Because Scripture is the only source of special revelation that we possess, it is the only infallible and final authority for the church. This is the doctrine of sola Scriptura, which the Protestant Reformers embraced in order to correct errors that said other authorities such as post-biblical church tradition are equivalent to Scripture as a rule of faith. As we have seen, the doctrine of sola Scriptura is a necessary consequence of passages such as 2 Timothy 3:16–17, which identifies only Scripture as "God-breathed," or divinely inspired. And because God is incapable of erring, whatever He inspires is likewise incapable of teaching error.
Our doctrine of biblical infallibility, which says that the Bible cannot teach error, has to do with the capability of Scripture—what it can and cannot do. But if Scripture is unable to teach falsehood, that has implications for Scripture regarding what it actually is. Because the Bible is incapable of teaching error, Scripture is actually free from error. The Word of God does not affirm anything that is false, and we refer to this doctrine as the doctrine of Scriptural or biblical inerrancy.
Scriptural inerrancy is a good and necessary consequence of biblical infallibility, but it is also taught explicitly by the biblical writings. In today's passage, for example, we find a strong affirmation that every word of the Lord proves to be true (Ps. 18:30). Commenting on this text, John Calvin writes, "The word of God is pure, and without any mixture of fraud and deceit, like silver which is well refined and purified from all its dross." Other important passages that demonstrate the inerrancy of Scripture include John 17:17, wherein Jesus says to His Father, "Your word is truth."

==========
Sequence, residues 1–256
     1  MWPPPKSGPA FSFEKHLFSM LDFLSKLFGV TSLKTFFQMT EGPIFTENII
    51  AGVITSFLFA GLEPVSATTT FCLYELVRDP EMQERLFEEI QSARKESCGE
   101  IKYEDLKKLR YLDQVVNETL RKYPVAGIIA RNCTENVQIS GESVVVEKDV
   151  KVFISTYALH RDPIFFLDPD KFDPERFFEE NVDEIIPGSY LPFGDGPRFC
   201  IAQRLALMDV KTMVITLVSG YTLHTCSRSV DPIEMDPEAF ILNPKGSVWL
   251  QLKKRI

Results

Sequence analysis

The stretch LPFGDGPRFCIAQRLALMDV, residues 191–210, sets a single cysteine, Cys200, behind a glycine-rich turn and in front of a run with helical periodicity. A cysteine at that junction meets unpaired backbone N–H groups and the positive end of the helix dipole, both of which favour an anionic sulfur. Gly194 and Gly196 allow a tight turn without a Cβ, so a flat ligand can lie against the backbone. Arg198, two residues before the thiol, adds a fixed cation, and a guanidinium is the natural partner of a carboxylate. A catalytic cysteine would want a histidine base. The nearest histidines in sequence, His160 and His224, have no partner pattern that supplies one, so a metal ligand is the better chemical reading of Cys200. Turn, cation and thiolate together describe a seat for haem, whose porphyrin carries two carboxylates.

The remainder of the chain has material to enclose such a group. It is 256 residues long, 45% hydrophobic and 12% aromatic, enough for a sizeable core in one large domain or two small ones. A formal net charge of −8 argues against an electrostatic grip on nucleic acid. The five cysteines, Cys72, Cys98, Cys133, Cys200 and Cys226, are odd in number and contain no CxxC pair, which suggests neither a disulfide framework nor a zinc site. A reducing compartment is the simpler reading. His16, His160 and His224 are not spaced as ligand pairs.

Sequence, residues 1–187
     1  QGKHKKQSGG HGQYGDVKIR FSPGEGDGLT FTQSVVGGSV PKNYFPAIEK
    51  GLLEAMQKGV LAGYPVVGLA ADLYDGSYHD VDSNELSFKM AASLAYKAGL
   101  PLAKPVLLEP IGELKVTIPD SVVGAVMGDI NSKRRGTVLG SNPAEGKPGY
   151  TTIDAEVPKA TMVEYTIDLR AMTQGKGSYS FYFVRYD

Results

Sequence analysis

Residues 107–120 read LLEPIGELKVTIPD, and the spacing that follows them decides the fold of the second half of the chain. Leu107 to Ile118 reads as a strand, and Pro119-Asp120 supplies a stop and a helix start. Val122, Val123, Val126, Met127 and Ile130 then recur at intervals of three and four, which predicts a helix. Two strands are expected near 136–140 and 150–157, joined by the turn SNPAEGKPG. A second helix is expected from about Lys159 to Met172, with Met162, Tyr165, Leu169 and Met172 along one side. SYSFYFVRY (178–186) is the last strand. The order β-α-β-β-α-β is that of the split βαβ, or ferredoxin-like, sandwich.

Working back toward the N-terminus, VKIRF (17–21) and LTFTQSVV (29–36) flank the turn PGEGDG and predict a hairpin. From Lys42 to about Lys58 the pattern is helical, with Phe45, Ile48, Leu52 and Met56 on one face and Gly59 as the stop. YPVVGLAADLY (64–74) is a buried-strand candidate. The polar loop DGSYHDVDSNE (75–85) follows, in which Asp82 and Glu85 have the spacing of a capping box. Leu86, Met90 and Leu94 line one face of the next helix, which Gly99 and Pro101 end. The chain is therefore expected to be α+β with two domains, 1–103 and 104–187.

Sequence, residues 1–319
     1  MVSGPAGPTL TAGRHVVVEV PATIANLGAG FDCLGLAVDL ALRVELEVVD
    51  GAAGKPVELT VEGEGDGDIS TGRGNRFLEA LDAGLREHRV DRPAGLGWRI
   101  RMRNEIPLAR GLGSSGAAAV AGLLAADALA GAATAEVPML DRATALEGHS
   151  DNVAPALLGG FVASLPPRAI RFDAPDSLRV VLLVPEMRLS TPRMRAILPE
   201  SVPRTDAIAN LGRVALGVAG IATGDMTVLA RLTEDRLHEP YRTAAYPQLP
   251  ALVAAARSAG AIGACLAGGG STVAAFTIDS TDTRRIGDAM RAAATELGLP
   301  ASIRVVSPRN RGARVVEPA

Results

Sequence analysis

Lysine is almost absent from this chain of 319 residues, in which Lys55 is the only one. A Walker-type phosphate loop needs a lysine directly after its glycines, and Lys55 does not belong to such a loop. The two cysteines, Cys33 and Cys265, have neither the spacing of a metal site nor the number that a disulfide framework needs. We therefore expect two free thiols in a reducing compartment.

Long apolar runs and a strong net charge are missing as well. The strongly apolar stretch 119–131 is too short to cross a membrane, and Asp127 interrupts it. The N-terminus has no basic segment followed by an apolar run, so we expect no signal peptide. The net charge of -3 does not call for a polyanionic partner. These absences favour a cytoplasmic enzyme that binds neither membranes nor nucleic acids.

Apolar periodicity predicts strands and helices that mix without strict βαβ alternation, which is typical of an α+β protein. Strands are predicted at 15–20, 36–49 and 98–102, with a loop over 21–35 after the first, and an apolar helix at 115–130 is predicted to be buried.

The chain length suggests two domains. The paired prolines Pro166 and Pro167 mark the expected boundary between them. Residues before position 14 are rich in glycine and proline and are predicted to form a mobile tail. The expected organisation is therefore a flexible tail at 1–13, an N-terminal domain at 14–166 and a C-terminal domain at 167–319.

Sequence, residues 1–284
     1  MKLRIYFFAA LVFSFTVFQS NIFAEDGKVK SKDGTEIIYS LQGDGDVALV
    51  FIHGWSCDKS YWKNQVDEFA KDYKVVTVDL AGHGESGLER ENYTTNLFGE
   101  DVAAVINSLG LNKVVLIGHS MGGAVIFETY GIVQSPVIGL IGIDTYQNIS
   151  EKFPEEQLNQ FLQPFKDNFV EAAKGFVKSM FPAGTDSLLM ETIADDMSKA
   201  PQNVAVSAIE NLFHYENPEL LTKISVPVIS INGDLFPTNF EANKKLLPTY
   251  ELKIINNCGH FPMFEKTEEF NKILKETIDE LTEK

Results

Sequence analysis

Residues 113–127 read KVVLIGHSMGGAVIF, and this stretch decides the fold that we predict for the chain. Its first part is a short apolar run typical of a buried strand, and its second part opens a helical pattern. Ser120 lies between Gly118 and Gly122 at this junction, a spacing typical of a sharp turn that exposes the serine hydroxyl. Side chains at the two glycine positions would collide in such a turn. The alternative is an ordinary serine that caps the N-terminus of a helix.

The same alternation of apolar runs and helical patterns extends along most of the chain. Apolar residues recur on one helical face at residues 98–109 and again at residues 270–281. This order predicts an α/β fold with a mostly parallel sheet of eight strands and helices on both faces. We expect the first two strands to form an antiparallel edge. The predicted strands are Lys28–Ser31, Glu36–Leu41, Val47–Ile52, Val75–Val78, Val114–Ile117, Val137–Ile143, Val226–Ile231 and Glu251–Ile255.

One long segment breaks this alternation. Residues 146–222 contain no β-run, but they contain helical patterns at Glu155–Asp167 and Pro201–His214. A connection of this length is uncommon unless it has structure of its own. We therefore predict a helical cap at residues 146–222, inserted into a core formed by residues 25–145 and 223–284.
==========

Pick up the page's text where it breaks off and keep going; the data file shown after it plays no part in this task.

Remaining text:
Importantly, when we speak of biblical inerrancy, we are speaking of the original text of Scripture, not its manuscript copies. We do not possess the actual hard copies that the Apostles and prophets wrote; instead, we have copies of these writings. Since only the Apostles and prophets were inspired, only the text that they wrote is inerrant. Various copies may, and do, contain differences, additional words, and other discrepancies between them. This is not a problem, however, for the Bible is preserved better than any other ancient book, and we are able to reconstruct the original text that the Apostles and prophets wrote even though all we possess is many, many manuscripts from scribes who copied the Bible.
We do not have the original manuscript copies that the Apostles and prophets wrote; however, we can determine what the original text is that they wrote by comparing the various manuscripts that we do have. We can be confident, then, that we have an inerrant Bible in its original languages. We need not fear that the Scriptures have any errors, so we may fully trust these writings. In so doing, we are trusting God Himself.